I’ve had hundreds of personal encounters with people who are facing homelessness. Nearly every person who approaches us at Speak Up and reaches out to participate in the writing and entrepreneurship programs is gracious and hopeful. They defy the stereotypes and humble me with their warmth and depth.
But there have been other times over the years where I’ve been the one reaching out—not because they are candidates for our program, but because it was the only human thing to do.
He lived in a hole like an animal
John had a bulbous red nose and wore a coat in summertime.
I picked him up on the outskirts of Uptown in Charlotte one August day where he’d been thumbing a ride. This was about nine years ago. I was a novice to helping people on the streets at the time.
“This is the kindest thing anyone has ever done for me. You might be one of my best friends,” he said after we’d been riding together for five minutes.
We went to a local Harris Teeter so I could buy him a sandwich and some snacks for later. I didn’t know what else to do. He shared about how his mom, who’d been everything to him, had died. Then his wife died, and then he’d lost it and “went off the deep end.” He was articulate and soft spoken. He reeked of afternoon alcohol and carried shame in his voice. I asked if he had a place to stay or some sort of housing.
“I have a little hole in the ground, but have to move though. Some thugs beat me and took everything.” He pointed to the bruises and recent cuts on his face. When it was time to let him out and he began to shed enormous tears, he said, “You’re my best friend. I have no one else.”
As I pulled away from him, the tragedy and hopelessness of his situation was overwhelming and I was broken-hearted.
I wept for him.
Dying and desperate for love
A couple years later, one November morning as I drove into Charlotte, I spotted a funny figure in a ditch. I veered the car off the road and saw an old gaunt man wearing an enormous backpack and straddling an ancient mountain bike. His blue jeans were brown with filth; his tattered country jacket was one of many layers keeping him warm. Most arresting were his eyes. Tiny and blue, I’d never seen anything like them. Imagine looking at the face of a dog that had been kicked and beaten its entire life. It crouches in wary fear, expectant of further abuse. David looked like an animal. I asked him what he was doing and what he needed. Nothing really, he said. He told me that he was HIV positive after having been assaulted in prison where he’d been incarcerated for violent crimes. He was dying, he said, and his racking cough sounded deep and diseased. He was just a wanderer, going up and down the east coast, looking for something. “Three years ago, I camped behind the Bi-Lo, and a man there was nice to me. That’s why I came back here. But they cut down all those trees and the camp is gone.”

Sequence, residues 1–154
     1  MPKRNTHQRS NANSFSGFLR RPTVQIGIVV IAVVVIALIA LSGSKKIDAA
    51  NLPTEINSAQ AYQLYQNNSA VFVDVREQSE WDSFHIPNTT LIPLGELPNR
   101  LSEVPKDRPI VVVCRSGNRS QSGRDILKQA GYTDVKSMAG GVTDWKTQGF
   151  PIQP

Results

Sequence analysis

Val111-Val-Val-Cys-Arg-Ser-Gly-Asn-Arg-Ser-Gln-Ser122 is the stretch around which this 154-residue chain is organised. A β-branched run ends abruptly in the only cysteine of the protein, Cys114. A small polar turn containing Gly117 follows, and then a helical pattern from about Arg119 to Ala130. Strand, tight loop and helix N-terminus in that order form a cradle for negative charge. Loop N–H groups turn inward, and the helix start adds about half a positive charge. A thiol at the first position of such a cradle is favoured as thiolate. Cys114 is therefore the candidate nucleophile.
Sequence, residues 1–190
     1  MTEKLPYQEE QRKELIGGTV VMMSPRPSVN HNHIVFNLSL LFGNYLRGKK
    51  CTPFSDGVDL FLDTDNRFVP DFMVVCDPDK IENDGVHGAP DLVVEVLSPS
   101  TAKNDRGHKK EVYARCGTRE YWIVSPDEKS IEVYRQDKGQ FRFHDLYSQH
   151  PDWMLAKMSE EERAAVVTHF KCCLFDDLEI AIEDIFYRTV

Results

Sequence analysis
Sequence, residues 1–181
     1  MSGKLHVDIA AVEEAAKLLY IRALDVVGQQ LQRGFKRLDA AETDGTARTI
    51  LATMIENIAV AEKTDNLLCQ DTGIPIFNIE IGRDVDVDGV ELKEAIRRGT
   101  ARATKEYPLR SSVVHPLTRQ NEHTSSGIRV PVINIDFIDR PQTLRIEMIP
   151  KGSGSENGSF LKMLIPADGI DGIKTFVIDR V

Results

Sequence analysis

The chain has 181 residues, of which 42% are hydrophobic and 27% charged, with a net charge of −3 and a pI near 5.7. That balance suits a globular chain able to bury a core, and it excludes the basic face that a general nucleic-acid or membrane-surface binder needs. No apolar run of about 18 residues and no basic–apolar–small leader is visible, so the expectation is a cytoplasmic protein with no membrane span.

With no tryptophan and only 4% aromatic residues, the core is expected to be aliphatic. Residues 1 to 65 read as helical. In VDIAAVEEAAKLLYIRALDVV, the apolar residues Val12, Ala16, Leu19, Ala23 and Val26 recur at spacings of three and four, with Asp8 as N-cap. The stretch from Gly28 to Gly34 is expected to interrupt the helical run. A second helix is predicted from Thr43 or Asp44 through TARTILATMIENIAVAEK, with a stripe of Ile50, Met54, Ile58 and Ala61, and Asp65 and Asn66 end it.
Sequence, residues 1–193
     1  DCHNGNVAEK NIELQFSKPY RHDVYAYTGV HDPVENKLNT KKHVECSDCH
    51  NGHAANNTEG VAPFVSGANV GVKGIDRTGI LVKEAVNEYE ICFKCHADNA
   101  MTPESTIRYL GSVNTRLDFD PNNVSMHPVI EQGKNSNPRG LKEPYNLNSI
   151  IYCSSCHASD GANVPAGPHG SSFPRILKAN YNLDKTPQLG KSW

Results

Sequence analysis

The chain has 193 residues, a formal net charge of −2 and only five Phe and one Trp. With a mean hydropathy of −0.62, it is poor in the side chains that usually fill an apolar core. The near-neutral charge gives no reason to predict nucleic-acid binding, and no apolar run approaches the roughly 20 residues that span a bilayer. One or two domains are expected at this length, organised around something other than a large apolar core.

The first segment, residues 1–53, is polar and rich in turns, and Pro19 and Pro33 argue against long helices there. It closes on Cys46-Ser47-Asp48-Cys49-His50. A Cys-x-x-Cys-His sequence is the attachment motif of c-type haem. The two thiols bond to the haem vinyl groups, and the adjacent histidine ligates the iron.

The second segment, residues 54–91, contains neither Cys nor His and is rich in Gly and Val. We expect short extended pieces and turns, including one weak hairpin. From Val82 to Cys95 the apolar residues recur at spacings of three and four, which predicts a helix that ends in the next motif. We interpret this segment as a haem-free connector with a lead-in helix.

I heard his desperate need for love and community. He’d ridden his bike for hundreds of miles, hoping to find a guy he’d met in passing, whose name he couldn’t remember. Now he was just looking for a place to set up his tent and live quietly. His only hope was to not be disturbed or run off. He hoped for nothing more, just safety from further abuse. I said I could help him and asked him to meet me at a local Burger King that evening.
During the day, I reached out to a church I knew that had a dozen acres of wooded property and asked if he could camp deep in their woods. No, they said, too much of a liability. Which made sense.